Farewell, 2020

After the closing bell

In the end, the S&P 500 and its derivatives bumped up slightly to set a new high. To me, it looks like the beginning of wave 5 of Micro degree within wave 5 of Subminuette degree.

[S&P 500 E-mini futures, 3-hour bars, with volume]

Stepping back to a broader view, we can see how far along the price has come since the present Diagonal Triangle began on December 26, 2018. The Triangle wave 5 of Intermediate degree, and each bounce up or down to a triangle boundary is a Minor wave. By my count, the S&P 500 is working on wave 5 of Minor degree. A Diagonal Triangle has five waves internally, so the end is near.

[S&P 500 index, daily bars]

And finally, the long view, showing how we got to where we are: Intermediate wave 5 within Primary 5 within Cycle 5 within wave 5 of Supercycle degree. Looking back at the close-up chart at the top, I’m struck by the fact that the whole house of cards stretching back 91 years is poised to come tumbling down when today’s Submicro wave 5 within Micro 5 within Subminuette 5 within Minuette 5 within Minute 5 within Minor 5 reach an end. Perhaps even next year.

[Dow Jones Industrial Average, quarterly bars]

Of 2020, I doubt that any of us can say it was pleasant or easy. But when I look at this long-view chart, honestly, all of the crashes and crises and Sturm und Drang we’ve seen in 2020 — this year of roughhouse politics and plague — in the grand sweep of history seem fairly small in their impact on the markets. After all, we’ve been in an uptrend since the Black Tuesday crash of October 29, 1929, and that uptrend, despite all that has happened since, remains intact as 2020 comes to an end.

By Tim Bovee, Portland, Oregon, December 31, 2020

Learning and other resources. Elliott Wave International has long been the leading analytical house based on Elliott wave theory. They make available a number of free educational materials and other resources, in addition to their for-pay subscriptions.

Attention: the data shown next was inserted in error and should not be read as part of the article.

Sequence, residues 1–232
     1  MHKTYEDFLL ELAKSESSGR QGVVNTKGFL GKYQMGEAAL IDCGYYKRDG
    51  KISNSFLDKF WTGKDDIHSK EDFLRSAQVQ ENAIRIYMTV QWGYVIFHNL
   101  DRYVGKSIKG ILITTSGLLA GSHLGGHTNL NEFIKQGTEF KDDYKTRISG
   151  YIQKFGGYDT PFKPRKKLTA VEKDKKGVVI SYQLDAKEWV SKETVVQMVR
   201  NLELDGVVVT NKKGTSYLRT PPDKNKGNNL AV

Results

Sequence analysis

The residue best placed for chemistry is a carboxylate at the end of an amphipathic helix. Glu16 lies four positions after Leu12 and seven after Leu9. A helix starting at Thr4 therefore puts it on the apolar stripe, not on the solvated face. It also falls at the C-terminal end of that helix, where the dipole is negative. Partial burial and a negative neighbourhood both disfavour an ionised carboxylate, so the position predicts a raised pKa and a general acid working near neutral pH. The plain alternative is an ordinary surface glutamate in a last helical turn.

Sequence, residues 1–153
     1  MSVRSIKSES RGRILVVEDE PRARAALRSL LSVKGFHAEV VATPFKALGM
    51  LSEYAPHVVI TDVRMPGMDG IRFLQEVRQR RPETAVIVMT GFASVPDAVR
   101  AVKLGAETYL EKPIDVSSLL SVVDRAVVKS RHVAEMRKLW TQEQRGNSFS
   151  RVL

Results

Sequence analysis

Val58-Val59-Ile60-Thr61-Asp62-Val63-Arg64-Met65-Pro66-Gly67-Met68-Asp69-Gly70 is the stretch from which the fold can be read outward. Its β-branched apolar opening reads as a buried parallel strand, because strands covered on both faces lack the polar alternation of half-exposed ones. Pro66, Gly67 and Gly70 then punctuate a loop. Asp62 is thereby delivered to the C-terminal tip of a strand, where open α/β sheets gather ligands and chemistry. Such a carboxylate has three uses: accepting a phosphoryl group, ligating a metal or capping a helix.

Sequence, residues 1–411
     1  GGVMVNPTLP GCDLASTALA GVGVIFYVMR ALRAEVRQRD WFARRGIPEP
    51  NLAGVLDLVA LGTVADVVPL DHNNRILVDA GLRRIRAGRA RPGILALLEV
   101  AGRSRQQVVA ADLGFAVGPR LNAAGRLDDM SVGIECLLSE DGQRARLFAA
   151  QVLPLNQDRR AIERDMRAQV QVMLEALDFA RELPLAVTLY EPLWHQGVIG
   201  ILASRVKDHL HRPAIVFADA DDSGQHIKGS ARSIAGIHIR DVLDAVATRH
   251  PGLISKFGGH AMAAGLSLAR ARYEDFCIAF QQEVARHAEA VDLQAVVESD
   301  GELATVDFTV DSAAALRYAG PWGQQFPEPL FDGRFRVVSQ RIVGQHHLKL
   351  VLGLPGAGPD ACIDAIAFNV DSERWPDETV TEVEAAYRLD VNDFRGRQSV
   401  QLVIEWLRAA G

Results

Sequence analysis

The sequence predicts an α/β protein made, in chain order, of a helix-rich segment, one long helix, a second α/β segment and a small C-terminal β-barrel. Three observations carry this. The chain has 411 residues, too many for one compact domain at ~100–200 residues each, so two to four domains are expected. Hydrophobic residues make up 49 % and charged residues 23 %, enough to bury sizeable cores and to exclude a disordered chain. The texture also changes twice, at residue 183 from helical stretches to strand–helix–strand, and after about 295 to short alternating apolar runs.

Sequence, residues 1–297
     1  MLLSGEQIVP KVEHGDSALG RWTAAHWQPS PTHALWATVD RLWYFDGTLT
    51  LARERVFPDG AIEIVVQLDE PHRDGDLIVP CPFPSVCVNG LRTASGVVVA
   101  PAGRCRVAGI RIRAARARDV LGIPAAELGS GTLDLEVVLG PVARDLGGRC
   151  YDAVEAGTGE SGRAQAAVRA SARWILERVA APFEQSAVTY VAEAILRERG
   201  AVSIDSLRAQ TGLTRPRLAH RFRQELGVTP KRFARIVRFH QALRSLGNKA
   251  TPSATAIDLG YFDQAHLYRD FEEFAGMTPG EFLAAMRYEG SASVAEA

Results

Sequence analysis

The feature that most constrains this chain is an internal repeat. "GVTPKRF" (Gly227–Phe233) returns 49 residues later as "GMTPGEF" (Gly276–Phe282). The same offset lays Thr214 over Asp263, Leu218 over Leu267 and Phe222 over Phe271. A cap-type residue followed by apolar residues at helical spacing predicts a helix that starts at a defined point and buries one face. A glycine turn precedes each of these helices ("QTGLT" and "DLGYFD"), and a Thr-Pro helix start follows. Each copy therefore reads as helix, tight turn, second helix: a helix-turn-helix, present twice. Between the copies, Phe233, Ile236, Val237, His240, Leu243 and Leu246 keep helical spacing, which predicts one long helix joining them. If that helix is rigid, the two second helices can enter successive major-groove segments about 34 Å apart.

I recommend two books, both by people associated with EWI.

First, Elliott Wave Principle by Robert Prechter and A.J. Frost is the book that, along with Prechter’s analyses, that created the revival of Elliott wave theory. I first read it in 1984, and it has had a profound influenced on my thinking about markets ever since.

Second, I’ve found Visual Guide to Elliott Wave Trading by Wayne Gorman and Jeffrey Kennedy, both of EWI, to be a useful book that relates Elliott wave theory to practical trading. The authors are hands-on Elliotticians, and for an active trader, that’s exactly what’s needed — less theory and more how-to. The first chapter of the book gives a very nice thumbnail run down of what Elliott wave theory is all about.

Terminology. Here are some links to information about some of the technical jargon I use.

Charts. On my charts, waves have a subscript showing the degree above or below the Intermediate degree. Here are the subscripts and the degree each represents:

  • {+3} Supercycle
  • {+2} Cycle
  • {+1} Primary
  • No subscript: Intermediate
  • {-1} Minor
  • {-2} Minute
  • {-3} Minuette
  • {-4} Subminuette
  • {-5} Micro


Tim Bovee, Private Trader tracks the analysis and trades of a private trader for his own accounts. Nothing in this blog constitutes a recommendation to buy or sell stocks, options or any other financial instrument. The only purpose of this blog is to provide education and entertainment.

No trader is ever 100 percent successful in his or her trades. Trading in the stock and option markets is risky and uncertain. Each trader must make trading decisions for his or her own account, and take responsibility for the consequences.

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All content on Tim Bovee, Private Trader by Timothy K. Bovee is licensed under a Creative Commons Attribution-ShareAlike 4.0 International License.

Based on a work at www.timbovee.com.